It's been an unusually hectic campaign season for the actress, who began her career as a child with impromptu “commercials” for toothpaste and shampoo, performed in her bathroom with a cast of imaginary friends.

“Up to this point I've been able to make a living here in the South. I love Charleston, though unfortunately there's not a lot of work here. I was able to go to L.A. earlier this year for pilot season, which is typically the time of year when new series are being cast and there is a greater chance of being seen. I was fortunate enough to get a fantastic manager, and I haven't had to pound the pavement.”

Yet having spent comparatively little time in Los Angeles prior to pilot season, Jefferies says the level of competition was an eye-opener.

“I had relied on my laurels for booking jobs. But when you're consistently going up against name talent for roles, well, it's just what I needed to step up my game. It's definitely a reality check. It's what every actor needs. It's all about going in prepared, doing my job and staying in the face of the casting directors.”

Plenty of colleagues are in her corner.

“Sylvia is a very talented actress,” says Charleston-based producer and casting director Matthew Sefick. “I've had the pleasure of working with her on several occasions, including the first feature film I worked on out of college, 'Walker Payne,' and she played a significant role in the 2007 film I produced, 'The Four Children of Tander Welch.'

“It has been exciting to follow her career.”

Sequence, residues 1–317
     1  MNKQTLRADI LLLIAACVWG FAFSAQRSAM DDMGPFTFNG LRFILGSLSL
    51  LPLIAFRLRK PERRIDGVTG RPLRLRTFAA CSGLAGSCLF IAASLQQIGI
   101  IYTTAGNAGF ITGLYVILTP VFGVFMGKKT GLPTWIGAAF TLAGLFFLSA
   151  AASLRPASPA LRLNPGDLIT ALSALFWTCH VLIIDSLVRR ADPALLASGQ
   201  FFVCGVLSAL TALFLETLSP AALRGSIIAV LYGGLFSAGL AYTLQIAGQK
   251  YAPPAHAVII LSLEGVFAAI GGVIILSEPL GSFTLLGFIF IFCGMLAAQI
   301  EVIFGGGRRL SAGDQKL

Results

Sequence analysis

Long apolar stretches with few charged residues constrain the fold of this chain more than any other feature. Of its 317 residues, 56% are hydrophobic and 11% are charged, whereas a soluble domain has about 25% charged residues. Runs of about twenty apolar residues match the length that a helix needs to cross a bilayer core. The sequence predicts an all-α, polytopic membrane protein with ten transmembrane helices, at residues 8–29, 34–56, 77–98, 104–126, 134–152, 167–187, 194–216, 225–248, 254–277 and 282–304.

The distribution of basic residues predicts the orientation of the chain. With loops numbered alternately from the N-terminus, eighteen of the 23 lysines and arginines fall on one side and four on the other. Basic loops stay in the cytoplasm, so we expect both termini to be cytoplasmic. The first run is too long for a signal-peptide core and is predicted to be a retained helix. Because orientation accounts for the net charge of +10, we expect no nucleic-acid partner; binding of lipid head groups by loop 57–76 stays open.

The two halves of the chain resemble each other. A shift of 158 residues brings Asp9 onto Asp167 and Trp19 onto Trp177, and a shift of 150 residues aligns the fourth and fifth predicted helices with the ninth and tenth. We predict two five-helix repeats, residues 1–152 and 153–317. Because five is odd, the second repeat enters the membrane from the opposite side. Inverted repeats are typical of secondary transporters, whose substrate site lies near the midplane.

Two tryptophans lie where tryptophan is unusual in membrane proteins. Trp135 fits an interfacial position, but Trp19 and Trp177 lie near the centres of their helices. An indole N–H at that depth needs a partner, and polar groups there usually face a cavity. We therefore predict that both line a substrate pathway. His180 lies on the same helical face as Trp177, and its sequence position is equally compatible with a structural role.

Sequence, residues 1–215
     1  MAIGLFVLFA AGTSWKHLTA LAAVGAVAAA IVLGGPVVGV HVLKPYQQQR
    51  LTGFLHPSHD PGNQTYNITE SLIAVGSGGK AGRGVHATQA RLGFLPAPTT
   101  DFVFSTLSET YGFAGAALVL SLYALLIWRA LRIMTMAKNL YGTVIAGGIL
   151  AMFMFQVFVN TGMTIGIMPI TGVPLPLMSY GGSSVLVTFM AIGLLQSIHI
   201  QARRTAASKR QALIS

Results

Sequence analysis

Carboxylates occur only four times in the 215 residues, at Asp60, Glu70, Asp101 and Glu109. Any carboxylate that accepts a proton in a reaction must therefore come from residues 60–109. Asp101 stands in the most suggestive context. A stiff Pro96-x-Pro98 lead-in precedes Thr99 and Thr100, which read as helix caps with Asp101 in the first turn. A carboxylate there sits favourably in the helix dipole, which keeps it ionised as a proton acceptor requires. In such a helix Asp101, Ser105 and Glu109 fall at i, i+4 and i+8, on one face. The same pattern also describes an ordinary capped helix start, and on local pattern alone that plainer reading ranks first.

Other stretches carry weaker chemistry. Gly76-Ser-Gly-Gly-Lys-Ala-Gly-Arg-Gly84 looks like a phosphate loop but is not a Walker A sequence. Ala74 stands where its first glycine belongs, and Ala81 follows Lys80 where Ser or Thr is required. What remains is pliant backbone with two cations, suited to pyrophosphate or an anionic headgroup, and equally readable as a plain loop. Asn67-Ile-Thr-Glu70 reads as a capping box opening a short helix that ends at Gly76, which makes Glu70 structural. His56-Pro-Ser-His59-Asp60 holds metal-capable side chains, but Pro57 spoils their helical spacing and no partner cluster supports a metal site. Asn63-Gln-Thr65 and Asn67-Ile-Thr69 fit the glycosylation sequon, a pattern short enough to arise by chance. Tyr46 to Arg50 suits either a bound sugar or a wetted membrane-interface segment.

Jefferies is the daughter of the late James Jefferies, a lawyer and former mayor of Greenwood, and Polly Jefferies, a retired emergency room registered nurse. Though her parents might have preferred she take up the legal profession — Jefferies was accepted, simultaneously, to law school and the American Academy of Dramatic Arts in New York — she chose the thespian's lot.

Apart from her starring role in the HBO series “Eastbound and Down” (2009-10), the actress' resume includes the features “Leo” (2002), “The Notebook” (2004), “End of the Spear” (2005), “Deja Vu” (2006) “Walker Payne” (2006), “The Four Children of Tander Welch” (2008), and “96 Minutes” (2011), as well as two films with Charleston-based director Brad Jayne: “The Song of Pumpkin Brown” and “Le Croisment” (2004).

Jefferies also has appeared on the TV series “Surface” and “Near Wild Heaven.”

“My parents struggled to give me every opportunity that they could, as most parents do. (But) the only thing that I ever felt that I was good at was acting, and it seemed the only way to have the flexible time I wanted and still have the potential to have a payday. My needs are simple. Family. Security. And being happy and at peace in one's life.”

Jefferies, who is single, says the real challenge to that serenity is not the waiting to learn if she's won a part, but the whole business of flying solo.

“The toughest part for me is being strong and resilient, yet having no one in your life that you can truly be vulnerable with to break down in front of once in a while when the going really does get to be too much.”

But she takes comfort in her successes. And her failures. In the end, she's proudest of her resolve.

“I always knew that this was my path. I had a lot of people telling me, 'You'll never be an actor.' But I'm good with my choices, and I'm desperately proud of them. If there's one to be made, I've either done it or am going to do it. You have to try things. You have to risk. I'm proud of who I've become. And I'm excited to see who I'm yet to be.”

Reach Bill Thompson at 937-5707.